flow-MOTION: Michael Sacca

March 19 - June 13, 2016

Water is the most abundant and vital substance on Earth. An ocean or waterway becalmed is an oasis of contemplation; astir it can inspire awe or terror. Videographer and photographer Michael Sacca’s flow-MOTION immerses the viewer in a mesmerizing installation of water images.

Sacca’s photographs freeze the motion of water, allowing us to contemplate its seen and unseen dynamics. We sense the surface tension of still waters as well as the winds and tides activating motion across and beneath surfaces. His video adds time to the water’s motion. Waves undulate and the camera pans across the moving water. Watching the video, a viewer may feel an almost bodily sense of motion. Did the artist then manipulate time in the editing process?

Deftly balancing the clarity of great documentary photography with distinctive artistic expression, Sacca’s images possess their own internal, pictorial logic and materiality. The individual prints are beautiful abstractions, while their totality offers a portrait of water in motion, a visual poem in which time and motion appear more fractured than we expect.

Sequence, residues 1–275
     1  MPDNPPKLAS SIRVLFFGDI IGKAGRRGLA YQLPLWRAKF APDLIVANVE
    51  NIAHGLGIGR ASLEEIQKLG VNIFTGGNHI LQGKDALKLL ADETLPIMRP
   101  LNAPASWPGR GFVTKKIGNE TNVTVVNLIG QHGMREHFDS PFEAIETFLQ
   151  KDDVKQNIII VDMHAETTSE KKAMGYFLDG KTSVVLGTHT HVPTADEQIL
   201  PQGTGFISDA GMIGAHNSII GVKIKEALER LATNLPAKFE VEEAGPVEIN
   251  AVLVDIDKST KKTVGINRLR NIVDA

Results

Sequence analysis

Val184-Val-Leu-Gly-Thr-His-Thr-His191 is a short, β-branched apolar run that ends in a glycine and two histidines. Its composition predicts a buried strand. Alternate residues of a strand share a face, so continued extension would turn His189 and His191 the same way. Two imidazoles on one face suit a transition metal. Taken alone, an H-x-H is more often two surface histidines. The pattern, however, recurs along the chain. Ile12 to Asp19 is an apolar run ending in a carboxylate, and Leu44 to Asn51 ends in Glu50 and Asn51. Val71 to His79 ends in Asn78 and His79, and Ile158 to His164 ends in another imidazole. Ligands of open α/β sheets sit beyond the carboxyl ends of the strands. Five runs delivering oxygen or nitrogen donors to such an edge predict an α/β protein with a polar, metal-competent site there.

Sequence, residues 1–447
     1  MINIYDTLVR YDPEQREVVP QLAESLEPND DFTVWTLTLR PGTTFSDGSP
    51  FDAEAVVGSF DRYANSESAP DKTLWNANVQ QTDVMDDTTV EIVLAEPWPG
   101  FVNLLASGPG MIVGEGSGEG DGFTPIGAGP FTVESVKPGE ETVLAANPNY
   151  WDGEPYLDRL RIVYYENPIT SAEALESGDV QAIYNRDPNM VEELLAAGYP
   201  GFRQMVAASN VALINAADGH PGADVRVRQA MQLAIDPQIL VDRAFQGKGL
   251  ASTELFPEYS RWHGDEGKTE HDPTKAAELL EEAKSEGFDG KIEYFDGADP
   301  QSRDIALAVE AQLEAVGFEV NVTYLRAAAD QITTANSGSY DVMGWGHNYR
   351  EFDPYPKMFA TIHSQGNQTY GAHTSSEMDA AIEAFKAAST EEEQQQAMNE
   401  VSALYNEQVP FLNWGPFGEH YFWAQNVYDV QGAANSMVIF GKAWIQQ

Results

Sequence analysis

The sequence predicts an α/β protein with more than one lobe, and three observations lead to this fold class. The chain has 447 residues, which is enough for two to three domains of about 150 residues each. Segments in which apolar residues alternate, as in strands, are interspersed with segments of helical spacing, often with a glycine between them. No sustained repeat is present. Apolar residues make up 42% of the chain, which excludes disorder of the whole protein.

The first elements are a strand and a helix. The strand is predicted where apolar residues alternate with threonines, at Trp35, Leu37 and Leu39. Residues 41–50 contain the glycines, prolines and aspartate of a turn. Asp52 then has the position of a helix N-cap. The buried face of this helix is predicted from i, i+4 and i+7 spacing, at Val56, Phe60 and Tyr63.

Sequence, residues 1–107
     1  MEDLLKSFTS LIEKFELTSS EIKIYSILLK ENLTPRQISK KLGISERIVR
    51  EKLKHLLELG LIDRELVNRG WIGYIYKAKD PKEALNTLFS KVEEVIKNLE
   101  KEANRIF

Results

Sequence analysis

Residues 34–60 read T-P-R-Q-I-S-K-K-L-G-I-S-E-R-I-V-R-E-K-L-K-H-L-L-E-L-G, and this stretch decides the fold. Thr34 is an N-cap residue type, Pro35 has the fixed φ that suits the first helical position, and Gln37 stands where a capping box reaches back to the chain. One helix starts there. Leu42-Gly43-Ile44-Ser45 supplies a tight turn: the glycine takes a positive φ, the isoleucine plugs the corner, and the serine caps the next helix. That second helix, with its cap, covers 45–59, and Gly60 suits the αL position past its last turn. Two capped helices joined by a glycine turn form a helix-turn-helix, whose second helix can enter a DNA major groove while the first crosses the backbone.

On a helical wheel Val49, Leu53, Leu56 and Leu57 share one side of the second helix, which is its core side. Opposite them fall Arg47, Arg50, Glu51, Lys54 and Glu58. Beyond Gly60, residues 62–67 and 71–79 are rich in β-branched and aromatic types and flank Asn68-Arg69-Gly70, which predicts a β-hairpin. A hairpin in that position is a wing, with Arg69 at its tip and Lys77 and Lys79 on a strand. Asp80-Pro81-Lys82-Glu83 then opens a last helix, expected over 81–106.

— Mara Williams, Chief Curator

I draw inspiration from the apparently random and chaotic aspects of the natural world, especially where pattern, color, and form create tension. While making forays into varied ecosystems, I am always on the watch for that tension and those moments allowing interpretation of time and space.

After being around the ocean since I was very young, I began surfing when I was ten years old and my body began developing a “wave sense.” flow-MOTION comes out of my work recording time variations. It captures a number of relativistic “events” within the frame by moving the camera during long exposures. Most of the images were made from spring 2013 through January 2016.

I am drawn to low light, motion, and chance movements, and the camera allows me to step out of a self-centered time frame and into other moving coordinate systems.

— Michael Sacca

 

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